This Summer, a different kind of animated film took the Box Office by storm. In a radical departure from the family-favourite animated features that have dominated previously, The R-Rated Sausage Party is a revelation.
The response from critics has been mixed, but the film has grossed $91.1m since its US release a month ago. In light of this, we take a look at why an astoundingly raunchy film about groceries has been such a success.
It actually has a pretty interesting message
Unexpectedly, Sausage Party actually offers some pretty insightful social commentary in its critique of organized religion. Indeed, The Guardian’s Jordan Hoffman goes as far as to describe the film as ‘a pro-reason, pro-knowledge story that it vehemently against the corruption found in a religion’. This message is introduced subtly, disguised with enough humour to prevent the film from appearing preachy.
That message is pretty hard to miss
As Rupert Hawksley of The Telegraph puts it, ‘you’d have to be very, very stoned to miss it’. There’s a lot to be said for a film that’s easy to understand.
Even if the message is a little over-simplistic, it still appeals to the film’s target audience
Hawksley appears to miss the point when he claims that ‘What should have been a shamelessly filthy stoner movie has been watered down with ill-judged, undergraduate musings on religion, philosophy and race’. Since the film’s main audience is people of undergraduate age, those musings probably appeal to them and only add to the film’s success.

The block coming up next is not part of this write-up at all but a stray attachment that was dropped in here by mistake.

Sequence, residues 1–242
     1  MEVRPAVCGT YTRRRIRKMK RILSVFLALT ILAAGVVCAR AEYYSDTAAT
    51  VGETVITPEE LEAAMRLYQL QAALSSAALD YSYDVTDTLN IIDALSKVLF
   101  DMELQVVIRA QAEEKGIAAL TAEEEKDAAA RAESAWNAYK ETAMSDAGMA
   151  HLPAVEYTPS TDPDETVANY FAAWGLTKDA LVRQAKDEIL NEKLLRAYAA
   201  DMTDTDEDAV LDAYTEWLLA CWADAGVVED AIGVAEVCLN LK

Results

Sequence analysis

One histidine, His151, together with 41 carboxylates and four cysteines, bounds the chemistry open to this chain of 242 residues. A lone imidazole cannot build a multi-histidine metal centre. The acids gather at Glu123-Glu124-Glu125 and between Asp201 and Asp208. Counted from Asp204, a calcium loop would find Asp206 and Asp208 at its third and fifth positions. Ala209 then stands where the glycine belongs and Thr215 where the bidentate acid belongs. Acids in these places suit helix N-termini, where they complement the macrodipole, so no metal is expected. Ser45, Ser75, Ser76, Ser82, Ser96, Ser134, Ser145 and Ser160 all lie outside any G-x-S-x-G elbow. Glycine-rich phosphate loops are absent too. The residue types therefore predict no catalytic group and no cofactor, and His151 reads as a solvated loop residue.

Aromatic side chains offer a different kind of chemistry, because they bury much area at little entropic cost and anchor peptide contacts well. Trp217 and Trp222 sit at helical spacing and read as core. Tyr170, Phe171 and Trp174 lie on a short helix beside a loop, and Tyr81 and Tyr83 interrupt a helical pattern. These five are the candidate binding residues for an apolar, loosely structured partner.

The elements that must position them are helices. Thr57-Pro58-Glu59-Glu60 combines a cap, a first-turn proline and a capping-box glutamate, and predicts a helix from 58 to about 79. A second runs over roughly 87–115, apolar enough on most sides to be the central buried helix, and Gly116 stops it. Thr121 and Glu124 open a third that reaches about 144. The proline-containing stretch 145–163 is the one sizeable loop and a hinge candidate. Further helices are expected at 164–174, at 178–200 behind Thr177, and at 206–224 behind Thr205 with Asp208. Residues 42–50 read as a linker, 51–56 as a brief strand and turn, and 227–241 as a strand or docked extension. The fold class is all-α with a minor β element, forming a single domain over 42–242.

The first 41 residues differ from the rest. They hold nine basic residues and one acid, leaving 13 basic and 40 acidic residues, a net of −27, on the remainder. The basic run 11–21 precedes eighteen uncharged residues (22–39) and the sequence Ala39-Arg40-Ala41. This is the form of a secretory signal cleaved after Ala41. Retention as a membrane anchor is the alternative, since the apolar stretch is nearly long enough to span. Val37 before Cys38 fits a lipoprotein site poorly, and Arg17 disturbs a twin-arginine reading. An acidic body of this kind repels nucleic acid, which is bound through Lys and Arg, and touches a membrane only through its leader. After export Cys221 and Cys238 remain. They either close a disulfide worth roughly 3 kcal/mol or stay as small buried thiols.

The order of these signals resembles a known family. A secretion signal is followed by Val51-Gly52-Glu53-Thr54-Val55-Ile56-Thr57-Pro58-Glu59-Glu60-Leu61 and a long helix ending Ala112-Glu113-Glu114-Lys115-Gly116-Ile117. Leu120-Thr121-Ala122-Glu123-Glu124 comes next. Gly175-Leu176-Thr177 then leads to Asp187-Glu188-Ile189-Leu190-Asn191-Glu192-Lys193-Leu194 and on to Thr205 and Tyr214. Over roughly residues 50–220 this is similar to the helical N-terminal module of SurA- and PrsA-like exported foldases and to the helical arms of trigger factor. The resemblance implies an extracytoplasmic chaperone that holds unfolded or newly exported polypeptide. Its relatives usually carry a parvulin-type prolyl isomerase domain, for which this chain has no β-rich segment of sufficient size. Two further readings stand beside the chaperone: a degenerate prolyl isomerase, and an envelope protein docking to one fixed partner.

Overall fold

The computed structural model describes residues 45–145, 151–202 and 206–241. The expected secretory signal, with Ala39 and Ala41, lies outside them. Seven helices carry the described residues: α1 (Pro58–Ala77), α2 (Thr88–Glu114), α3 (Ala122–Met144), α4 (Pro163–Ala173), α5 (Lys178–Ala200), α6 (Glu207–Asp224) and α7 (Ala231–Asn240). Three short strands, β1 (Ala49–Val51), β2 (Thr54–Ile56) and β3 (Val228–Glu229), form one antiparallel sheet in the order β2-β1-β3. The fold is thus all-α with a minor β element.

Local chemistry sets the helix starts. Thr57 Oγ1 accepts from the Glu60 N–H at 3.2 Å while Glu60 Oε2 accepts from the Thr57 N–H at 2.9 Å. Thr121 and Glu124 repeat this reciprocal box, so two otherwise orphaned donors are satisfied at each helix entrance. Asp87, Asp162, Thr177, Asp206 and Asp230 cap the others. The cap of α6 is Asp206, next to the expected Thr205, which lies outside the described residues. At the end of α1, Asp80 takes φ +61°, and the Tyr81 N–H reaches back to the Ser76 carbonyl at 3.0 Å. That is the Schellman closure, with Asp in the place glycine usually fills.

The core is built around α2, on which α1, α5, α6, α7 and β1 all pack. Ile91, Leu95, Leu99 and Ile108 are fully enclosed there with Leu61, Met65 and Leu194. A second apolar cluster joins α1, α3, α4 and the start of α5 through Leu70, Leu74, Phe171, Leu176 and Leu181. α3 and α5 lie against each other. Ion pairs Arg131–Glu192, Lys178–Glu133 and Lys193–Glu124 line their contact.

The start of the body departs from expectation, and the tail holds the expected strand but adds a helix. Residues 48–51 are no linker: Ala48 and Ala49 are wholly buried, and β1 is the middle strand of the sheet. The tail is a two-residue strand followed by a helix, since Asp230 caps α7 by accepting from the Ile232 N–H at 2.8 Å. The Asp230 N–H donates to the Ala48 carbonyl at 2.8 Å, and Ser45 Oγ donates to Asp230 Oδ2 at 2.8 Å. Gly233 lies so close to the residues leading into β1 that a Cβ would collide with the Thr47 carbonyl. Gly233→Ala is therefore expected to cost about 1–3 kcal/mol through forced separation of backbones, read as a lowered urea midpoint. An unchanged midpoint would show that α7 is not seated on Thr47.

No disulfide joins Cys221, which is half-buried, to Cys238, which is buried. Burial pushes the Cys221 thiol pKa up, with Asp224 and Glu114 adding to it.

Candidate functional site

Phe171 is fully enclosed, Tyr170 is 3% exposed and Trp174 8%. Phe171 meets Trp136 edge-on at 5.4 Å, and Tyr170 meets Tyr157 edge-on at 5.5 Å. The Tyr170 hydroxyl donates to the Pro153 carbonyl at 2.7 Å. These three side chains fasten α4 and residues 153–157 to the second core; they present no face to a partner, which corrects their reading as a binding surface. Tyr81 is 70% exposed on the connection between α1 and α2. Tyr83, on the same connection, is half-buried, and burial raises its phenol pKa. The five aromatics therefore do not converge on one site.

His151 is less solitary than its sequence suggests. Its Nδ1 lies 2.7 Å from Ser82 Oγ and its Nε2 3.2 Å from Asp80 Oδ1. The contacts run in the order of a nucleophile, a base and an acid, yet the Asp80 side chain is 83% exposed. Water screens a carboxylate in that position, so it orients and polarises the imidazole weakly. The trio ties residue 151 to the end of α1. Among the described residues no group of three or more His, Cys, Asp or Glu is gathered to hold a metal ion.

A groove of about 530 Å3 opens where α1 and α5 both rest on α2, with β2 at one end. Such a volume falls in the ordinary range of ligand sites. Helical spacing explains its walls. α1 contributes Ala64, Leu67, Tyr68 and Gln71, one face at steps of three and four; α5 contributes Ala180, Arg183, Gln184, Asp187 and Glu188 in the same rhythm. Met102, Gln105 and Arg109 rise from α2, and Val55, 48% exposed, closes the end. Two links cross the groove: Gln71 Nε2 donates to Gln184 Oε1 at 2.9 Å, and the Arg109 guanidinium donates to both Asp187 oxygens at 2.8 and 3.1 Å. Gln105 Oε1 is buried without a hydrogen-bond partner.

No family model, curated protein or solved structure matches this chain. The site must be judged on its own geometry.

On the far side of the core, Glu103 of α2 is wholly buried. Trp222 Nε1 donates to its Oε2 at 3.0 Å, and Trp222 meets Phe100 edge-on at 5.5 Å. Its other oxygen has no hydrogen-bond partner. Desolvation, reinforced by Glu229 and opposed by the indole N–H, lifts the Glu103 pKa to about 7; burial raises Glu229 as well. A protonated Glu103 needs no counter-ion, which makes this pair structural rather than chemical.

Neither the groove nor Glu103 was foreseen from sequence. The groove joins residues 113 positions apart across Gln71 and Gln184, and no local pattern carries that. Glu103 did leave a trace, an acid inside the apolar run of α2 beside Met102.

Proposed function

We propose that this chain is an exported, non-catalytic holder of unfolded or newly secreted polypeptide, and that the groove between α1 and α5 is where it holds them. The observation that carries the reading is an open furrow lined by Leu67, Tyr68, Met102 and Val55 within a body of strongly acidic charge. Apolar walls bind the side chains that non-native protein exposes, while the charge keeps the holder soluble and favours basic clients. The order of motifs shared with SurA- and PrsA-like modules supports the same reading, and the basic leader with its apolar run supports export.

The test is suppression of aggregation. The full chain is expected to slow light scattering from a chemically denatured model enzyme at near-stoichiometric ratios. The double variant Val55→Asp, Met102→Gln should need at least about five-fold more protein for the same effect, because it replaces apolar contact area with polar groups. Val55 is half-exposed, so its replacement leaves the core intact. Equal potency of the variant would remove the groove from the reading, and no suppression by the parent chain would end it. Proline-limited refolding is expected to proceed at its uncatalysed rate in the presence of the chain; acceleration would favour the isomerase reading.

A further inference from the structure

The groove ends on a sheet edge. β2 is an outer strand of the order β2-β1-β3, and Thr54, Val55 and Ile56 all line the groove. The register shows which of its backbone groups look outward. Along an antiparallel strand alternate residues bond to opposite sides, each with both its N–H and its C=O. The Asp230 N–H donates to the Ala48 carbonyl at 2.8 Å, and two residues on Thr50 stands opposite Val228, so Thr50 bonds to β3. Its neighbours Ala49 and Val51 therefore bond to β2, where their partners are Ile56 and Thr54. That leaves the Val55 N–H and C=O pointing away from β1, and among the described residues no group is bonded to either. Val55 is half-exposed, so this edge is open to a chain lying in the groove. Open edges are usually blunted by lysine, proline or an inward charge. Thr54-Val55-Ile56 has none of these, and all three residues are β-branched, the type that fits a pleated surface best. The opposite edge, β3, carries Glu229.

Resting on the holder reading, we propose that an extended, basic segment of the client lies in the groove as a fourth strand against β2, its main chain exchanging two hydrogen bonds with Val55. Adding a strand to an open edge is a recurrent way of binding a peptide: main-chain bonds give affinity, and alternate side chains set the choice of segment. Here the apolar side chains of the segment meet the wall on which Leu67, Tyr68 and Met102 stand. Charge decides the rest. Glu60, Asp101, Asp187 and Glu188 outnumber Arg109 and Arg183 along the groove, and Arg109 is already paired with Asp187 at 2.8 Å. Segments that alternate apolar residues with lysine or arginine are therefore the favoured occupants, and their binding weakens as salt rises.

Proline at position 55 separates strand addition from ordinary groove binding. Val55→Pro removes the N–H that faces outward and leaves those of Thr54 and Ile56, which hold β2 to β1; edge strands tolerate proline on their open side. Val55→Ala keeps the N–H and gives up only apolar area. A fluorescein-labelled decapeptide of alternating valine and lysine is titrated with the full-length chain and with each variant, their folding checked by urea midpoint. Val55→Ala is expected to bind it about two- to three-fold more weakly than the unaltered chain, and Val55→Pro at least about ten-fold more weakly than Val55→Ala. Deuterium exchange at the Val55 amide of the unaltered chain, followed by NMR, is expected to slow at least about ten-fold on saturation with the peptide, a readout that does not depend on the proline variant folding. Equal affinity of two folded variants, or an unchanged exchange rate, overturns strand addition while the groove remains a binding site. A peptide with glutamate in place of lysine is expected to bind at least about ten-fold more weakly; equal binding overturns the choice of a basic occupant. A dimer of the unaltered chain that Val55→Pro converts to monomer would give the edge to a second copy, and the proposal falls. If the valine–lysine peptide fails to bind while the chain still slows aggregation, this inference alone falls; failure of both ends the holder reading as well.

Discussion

It also has a message that a lot of people can probably relate to
There’s a lot of frustrated sexual desire in Sausage Party and the message of it seems to be that ‘everyone would probably be happier if they were screwing’ as Jordan Hoffman puts is.
It’s kind of a parody of disaster movies
Everyone loves disaster movies and Sausage Party taps into that trend by appropriating the language of disaster movies for comedic value. Indeed, Wendy Ide of The Observer notes that the film is ‘funniest when the film-makers appropriate the filmic language of the disaster movie’.
Despite the seemingly absurd premise, it creates a surprisingly believable world
From an objective perspective, a film about groceries longing to leave the supermarket so they can have sex with each other sounds pretty bizarre to say the least. However, somehow Sausage Party feels believable and is easy to connect with as a result of what Hoffman calls ‘surprisingly thorough world-building’.
Food having sex is funny. Food not realising that it’s going to be eaten is funny. To be honest, food that talks is funny. Sausage Party is actually just really funny.
It takes risks
For better or for worse, Sausage Party is the first film to make a joke about the Twin Towers. According to MTV’s Amy Nicholson this daring move pays off as the joke raises ‘wicked, guilty and oddly purifying guffaw-gasps’.
It’s actually quite scary in places
The brains behind Sausage Party have done a pretty good job of making it surprisingly scary in places. Empire’s Nick De Semlyen describes it as a ‘weird hybrid of cutesy cartoon and horror flick’ whilst Jordan Hoffman observes that ‘there is a shocking amount of proper, terrorizing fear’ in the film. Audiences love horror, especially when it’s as ridiculous and detached from reality as it is in Sausage Party.
In an era of sequels and remakes, Sausage Party’s originality makes it stand out from the crowd and makes it bound to attract the attention of film-goers bored of seeing the same film over and over again.